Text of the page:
Alex Knight is the mind behind Brightness, easily one of the most exciting recent acts to come out of New South Wales.
A few weeks before his debut album Teething hit the world for a second time, we caught up to chat the past, the pessimistic and the problem with a lo-fi label.
Operating in the present yet anchored in the past, Brightness displays a refreshing mindfulness for the rose-tinted trap we all fall into.
HAPPY: Am I right in saying you’ve done a lot of your recording at home?
HAPPY: What kind of setup do you have there?
HAPPY: For the album.
ALEX: I don’t actually have any proper gear apart from an interface. Everything I did on the record was friends’ gear. I didn’t even own a guitar until I got a record deal, I just couldn’t afford any of that. I used to borrow people’s stuff. I mean when I was in high school, I probably had more gear then because I was using this tape machine that I’d got at an auction. It was damaged, it took about a year to get it working but then it was just the most amazing toy you could ever imagine.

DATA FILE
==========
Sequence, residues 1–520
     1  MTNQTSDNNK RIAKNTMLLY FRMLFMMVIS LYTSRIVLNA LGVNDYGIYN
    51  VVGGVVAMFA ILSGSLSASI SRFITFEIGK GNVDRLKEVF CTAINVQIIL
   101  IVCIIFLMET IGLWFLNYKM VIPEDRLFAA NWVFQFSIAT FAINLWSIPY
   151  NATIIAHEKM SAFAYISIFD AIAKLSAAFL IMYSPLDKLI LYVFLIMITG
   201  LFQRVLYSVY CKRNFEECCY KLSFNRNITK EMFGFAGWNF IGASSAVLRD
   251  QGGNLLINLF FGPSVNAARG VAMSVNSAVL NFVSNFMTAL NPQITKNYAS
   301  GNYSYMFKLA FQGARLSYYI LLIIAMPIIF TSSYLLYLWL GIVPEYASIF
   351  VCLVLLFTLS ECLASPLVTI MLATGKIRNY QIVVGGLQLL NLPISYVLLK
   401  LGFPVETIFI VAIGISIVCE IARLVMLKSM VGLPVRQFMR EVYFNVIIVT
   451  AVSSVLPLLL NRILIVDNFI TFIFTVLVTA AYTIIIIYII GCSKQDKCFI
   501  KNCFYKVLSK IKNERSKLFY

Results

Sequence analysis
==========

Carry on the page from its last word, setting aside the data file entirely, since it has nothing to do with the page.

HAPPY: Saying you use an interface threw me off, your stuff sounds like tape recordings.
ALEX: Well one song is, Waltz. I tried that in a different style and it didn’t work. I do some mixing at home but it’s all in the box, no outboard gear. I was just using one little speaker in front of me, routed mono, and that’s how I mixed it. I felt like, if it sounded good like that, that’s a very basic rule to go by.
HAPPY: Your style, it does sound like it comes from a lo-fi setup, that’s the real thing I gleaned from hearing the record.
ALEX: To be perfectly honest, I didn’t really intend it to be a lo-fi thing. I kind of roughed a few things up because it didn’t sound right, and if you make all these small changes to lots of different things then it all ends up sounding fuzzy. I never intended for it to be like that, I’m very weary of that nostalgia trap.